Guilleville + Renart le Contrefait ; theme -1377

I think, that the research text of Vienna 1861 was accepted.
The Vienna part of the 3 texts was calculated as "from 15th century". Perhaps this had the consequence, that also the 3rd part was recognized as "from 15th century".
All three parts are thought to have been owned by one person, Jehan Duboys. Maybe this person organized, that the text was multiplied. Or: perhaps it was suspected in 19th century, that this person multiplied the text.
The handwritten text (3rd and last text) was made in the manner, that it had some free places for the addition of pictures. Perhaps the Vienna version and the 3rd text were written by the same hand (?). Perhaps the 3rd text is written by a hand, that could be globally recognized as "from 15th century".


The chronological parts end in 1328 with the execution of Pierre de Remy.
French version: "Procès et exécution[modifier | modifier le code]
La mort de Charles IV le 1er février 1328 marque la chute de Rémi. Le nouveau dirigeant du royaume, Philippe de Valois (qui n'est encore que régent avant de prendre la couronne quelques semaines plus tard), le fait arrêter pour concussion, en fait sans doute pour offrir un bouc-émissaire à l'opinion publique mécontente. Après enquête, il est convaincu d'avoir détourné d'importantes sommes d'argent et donc d'avoir volé le roi. Torturé, il avoue finalement sa culpabilité. Il comparaît devant le Parlement de Paris et est condamné à mort.

Malgré les supplications de la reine Jeanne d'Évreux, veuve de Charles IV, Philippe de Valois, devenu entre temps Philippe VI, refuse sa grâce. Rémi est pendu au gibet de Montfaucon le 25 avril 13284.

Ses biens meubles sont alors répartis entre les membres de l'entourage de Philippe VI. Ses immeubles et ses domaines servent à éponger les dettes du roi et à gratifier son entourage, comme le prince Jean. En revanche sa famille peut hériter de ses droits et de quelques-unes de ses propriétés."


German version: "Nach dem Regierungsantritt Philipps VI. wurde Pierre de Rémy unter der Anklage, die Staatsfinanzen veruntreut zu haben, verhaftet. Ohne die Möglichkeit zu erhalten, sich zu verteidigen, wurde er am 25. April 1328 durch Beschluss des Parlements zum Tod durch Hängen verurteilt.

Als er zur Hinrichtung zum den einfachen Kriminellen vorbehaltenen „Gibet de Montigny“ geführt wurde, beschuldigte Pierre de Rémy sich selbst weiterer Taten, die ihm bislang niemand vorgehalten hatte, darunter Hochverrat gegen König und Staat. Die Schwere dieser Verbrechen machte es nun unmöglich, ihn in Montigny zu richten – man kehrte um und hängte ihn am nahegelegenen und den neu gestandenen Verbrechen vorbehaltenen Gibet de Montfaucon auf. Bereits Rémys Zeitgenossen gingen davon aus, dass diese Ehre das einzige Ziel seiner Geständnisse war."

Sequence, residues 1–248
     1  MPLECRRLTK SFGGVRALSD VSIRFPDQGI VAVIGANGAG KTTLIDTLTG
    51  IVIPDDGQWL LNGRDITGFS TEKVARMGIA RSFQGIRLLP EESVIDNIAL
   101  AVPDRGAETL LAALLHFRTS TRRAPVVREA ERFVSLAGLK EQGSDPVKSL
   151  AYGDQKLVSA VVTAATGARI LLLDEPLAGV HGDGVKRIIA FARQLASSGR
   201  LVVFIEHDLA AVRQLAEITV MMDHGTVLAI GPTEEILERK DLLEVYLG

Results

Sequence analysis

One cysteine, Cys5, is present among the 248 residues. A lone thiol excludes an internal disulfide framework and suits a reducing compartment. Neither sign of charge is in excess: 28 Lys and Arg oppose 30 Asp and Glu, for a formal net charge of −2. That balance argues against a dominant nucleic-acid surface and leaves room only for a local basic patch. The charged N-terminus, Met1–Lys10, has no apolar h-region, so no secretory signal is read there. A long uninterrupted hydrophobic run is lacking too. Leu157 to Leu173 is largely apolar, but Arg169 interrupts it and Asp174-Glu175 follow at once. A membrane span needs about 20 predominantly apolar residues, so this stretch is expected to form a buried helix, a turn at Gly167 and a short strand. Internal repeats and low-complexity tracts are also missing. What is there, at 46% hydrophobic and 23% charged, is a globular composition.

The King Charles le Bel had died at 1st of February 1328 (probably 1327 in that time ?). The author speaks of the start of his work of 1328, occasionally of 1327. I think, it has to be suspected, that the death of the king triggered the decision for the new work. The death of the was connected to the fall of the treasurer Pierre de Remy, which led about 3 months later to his execution (25th of April 1328).
I think: Possibly it was intended by the author to draw a connection between the already popular bad hero Renard and the contemporary treasurer (generally the text is considered to be satirical). The German wiki text tells the story, that Remy after being accused and already condemned to death, accused himself of much more criminal actions, which caused, that he was not executed in Montigny (a place for usual criminals), but in Gibet de Montfaucon (a place for criminals against king and state). Contemporary witnesses already assumed, that these later confessions had the aim to reach this honor.

The texts contain autobiographical statements, which made it possible to have details about the development of the work (... .-) ... in the case, that these are true statements).

One shouldn't overlook, that there are many other works to the Renard topic.

I think, there is no chance to prove, that the "cartes" expression in the 3rd text is from 14th century. But naturally there is ALSO no way to prove, that the "cartes" expression is NOT from 14th century.


btw: I have changed the title

Re: William de Guilleville c. 1330 ; theme -1377

mikeh wrote:Thanks for all this work, Huck. What a maze! Now that we have the other text that Merlin cited, we don't know where to look to see if he was right, about that manuscript (7630-4), whenever it was, 1630 or whenever. He conveniently (for him, keeping others from checking his work) left off the folio number. Did you see it anywhere, for the passage in question?